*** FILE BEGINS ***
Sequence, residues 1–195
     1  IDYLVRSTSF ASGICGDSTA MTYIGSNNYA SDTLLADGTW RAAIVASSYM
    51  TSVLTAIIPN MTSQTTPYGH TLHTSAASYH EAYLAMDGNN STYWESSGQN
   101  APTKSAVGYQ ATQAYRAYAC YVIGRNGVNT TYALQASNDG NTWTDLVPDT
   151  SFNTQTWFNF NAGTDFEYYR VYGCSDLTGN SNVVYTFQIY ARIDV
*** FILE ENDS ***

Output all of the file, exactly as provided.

Sequence, residues 1–195
     1  IDYLVRSTSF ASGICGDSTA MTYIGSNNYA SDTLLADGTW RAAIVASSYM
    51  TSVLTAIIPN MTSQTTPYGH TLHTSAASYH EAYLAMDGNN STYWESSGQN
   101  APTKSAVGYQ ATQAYRAYAC YVIGRNGVNT TYALQASNDG NTWTDLVPDT
   151  SFNTQTWFNF NAGTDFEYYR VYGCSDLTGN SNVVYTFQIY ARIDV